For all the talk about big data and how it can help us track down needles in haystacks, there’s still a lot of work to when it comes to issues like public health. When successful intervention might require timelines of minutes or hours rather than days, it takes a might keen eye to monitor lots of needles in lots of haystacks and, more importantly, spot new and important ones as they pop up.
We’ve been following news out of the Global Database of Events, Languages and Tones (GDELT) project for the past several months, and it’s very impressive as a tool for historical analysis of the world’s happenings. It takes and indexes real-time streams from news sources around the world, and now includes hundreds of millions data points spanning the past 35 years. It has been used for all sorts of analyses so far, ranging from tracking the spread of terrorist groups to comparing how activity patterns of today’s political uprisings compare to those of decades past.
But in a blog post published on Saturday, GDELT project leader Kalev Leetaru points out a major limitation of the database: It’s only as useful as scope of data it includes and the analysts using it. Using analysis of the Ebola outbreak as an example, he explains how GDELT actually ingested an international news article referencing the Guinea government’s concern over hemorrhagic fever one day before Harvard’s HealthMap signaled an alert based on local social media activity. Only, without someone monitoring for that type of news in that part of the world, the single reference was very easy to miss.
Indeed, GDELT, like HealthMap, only picked up on the growing epidemic a day later as mentions ramped up on news and social media alike. Leetaru suggests some technical improvements, including broader machine-translation capabilities, that might help GDELT serve as a better real-time alerting system by letting it track even hyper-local sources within remote countries. The more events it picks up, and the earlier it picks them up, the harder they are to miss by anyone paying attention.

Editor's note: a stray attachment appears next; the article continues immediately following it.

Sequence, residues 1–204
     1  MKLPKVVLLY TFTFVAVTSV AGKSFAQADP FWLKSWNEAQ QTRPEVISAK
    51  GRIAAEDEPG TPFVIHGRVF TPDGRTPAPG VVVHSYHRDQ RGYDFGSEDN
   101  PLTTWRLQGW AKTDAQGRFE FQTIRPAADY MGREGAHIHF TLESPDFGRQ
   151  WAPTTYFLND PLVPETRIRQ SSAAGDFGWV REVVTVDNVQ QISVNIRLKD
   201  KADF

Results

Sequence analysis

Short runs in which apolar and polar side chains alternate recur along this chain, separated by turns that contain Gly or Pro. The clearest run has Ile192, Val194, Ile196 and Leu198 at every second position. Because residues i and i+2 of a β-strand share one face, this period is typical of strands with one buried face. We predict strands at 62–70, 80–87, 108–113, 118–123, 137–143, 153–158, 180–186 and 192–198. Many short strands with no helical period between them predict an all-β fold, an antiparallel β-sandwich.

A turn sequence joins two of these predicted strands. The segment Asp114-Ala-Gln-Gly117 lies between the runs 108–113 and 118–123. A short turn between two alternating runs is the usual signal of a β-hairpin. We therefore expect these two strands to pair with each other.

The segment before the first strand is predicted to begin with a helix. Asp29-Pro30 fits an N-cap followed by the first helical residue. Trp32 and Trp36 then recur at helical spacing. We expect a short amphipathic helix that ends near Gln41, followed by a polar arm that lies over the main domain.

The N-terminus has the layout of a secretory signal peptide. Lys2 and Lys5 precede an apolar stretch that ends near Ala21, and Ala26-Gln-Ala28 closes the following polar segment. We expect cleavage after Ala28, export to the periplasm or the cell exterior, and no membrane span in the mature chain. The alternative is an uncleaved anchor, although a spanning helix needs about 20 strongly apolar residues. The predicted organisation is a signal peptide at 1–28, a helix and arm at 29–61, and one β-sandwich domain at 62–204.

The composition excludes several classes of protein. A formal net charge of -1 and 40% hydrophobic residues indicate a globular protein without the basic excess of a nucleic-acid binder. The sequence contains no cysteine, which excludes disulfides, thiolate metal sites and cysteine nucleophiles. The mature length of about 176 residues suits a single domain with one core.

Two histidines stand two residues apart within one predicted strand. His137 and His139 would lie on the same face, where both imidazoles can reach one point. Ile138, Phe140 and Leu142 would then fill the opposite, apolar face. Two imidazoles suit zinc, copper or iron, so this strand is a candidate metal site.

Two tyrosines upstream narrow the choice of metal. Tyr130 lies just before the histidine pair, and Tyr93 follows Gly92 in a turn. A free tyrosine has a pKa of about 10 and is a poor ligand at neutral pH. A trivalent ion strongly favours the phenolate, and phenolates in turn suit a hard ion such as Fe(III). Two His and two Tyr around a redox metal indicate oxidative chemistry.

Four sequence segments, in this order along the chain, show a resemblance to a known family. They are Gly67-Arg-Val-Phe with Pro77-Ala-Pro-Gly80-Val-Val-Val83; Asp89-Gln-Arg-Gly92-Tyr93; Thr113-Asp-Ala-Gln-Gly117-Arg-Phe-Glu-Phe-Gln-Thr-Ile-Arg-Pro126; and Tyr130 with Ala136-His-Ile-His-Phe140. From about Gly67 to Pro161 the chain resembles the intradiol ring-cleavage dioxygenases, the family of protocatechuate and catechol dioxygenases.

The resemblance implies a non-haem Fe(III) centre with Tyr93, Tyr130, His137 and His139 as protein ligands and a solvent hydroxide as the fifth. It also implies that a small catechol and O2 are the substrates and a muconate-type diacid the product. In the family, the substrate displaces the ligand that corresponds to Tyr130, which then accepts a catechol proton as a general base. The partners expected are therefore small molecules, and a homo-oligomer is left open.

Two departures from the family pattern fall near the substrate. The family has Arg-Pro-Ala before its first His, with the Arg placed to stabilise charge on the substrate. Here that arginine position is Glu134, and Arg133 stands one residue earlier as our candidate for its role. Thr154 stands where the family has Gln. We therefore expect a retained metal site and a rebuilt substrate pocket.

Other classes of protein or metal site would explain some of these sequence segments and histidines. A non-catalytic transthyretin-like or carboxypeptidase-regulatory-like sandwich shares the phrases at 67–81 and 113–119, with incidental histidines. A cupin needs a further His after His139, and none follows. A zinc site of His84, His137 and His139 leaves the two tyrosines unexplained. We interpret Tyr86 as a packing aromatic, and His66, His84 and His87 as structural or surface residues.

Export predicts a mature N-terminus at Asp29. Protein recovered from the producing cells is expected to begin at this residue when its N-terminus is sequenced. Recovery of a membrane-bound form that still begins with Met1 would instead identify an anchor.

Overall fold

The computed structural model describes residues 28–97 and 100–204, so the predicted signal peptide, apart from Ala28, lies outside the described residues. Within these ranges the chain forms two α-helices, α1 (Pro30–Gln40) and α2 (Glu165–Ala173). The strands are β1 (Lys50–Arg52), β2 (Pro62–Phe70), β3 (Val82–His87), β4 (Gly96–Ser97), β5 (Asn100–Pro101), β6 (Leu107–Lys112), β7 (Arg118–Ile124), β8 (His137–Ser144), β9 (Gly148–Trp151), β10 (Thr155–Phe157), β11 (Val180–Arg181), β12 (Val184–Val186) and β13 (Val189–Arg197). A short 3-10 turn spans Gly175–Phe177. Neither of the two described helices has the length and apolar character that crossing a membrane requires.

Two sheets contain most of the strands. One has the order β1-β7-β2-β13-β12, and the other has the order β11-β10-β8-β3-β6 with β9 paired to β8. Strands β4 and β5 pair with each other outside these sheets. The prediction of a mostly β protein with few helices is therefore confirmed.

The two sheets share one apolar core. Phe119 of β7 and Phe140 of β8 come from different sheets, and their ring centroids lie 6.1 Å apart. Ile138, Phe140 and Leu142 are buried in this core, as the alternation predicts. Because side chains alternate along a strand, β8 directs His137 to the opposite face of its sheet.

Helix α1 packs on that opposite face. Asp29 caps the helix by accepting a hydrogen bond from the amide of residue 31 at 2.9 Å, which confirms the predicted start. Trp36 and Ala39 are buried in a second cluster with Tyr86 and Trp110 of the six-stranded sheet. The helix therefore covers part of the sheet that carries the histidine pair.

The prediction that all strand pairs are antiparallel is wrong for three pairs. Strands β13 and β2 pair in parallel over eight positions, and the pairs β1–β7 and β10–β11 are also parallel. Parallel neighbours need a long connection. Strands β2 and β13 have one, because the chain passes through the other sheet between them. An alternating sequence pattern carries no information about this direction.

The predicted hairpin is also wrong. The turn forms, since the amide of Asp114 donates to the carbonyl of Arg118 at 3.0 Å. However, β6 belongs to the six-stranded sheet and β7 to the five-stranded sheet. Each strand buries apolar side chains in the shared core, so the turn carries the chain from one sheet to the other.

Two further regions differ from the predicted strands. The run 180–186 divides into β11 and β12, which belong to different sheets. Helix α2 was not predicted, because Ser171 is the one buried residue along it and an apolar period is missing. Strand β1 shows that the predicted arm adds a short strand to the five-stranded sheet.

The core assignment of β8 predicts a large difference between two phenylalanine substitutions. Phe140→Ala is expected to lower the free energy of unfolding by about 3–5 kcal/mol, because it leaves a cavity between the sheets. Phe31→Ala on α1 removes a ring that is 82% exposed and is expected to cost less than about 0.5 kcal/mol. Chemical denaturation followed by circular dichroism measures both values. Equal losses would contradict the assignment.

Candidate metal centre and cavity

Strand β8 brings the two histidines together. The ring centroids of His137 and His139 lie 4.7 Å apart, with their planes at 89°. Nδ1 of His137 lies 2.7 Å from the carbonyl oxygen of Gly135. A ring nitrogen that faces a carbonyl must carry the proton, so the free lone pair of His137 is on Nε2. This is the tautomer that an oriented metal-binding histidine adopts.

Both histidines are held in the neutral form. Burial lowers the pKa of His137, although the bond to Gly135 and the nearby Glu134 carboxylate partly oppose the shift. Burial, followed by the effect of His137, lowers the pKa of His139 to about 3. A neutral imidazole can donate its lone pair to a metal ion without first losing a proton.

An expanded coverage footprint certainly would be a big help, both for GDELT and commercially available services such as Dataminr. Dataminr monitors activity on Twitter and, when it identifies a meaningful situation taking place, sends alerts to journalists, government agents and first responders. It has already helped identify breaking news domestically but, as with GDELT, Dataminr could be even more valuable if it were able to monitor more social networks and more language around the world.
However, if we want to make progress in responding to potential emergencies or other situations, we also just need more people buying into the promise of these types of databases and alerting systems. More news sources should help GDELT, Dataminr and other services identify more trends, but each one is still just a needle in a haystack that’s expanding, as well. Databases can ingest more data faster and algorithms can identify more trends faster, but reacting faster means we need more people paying attention to what the data is saying, as it’s being said.
For more thoughts from GDELT’s Leetaru on the promise of collecting and analyzing so much data, check out this Structure Show podcast interview with him.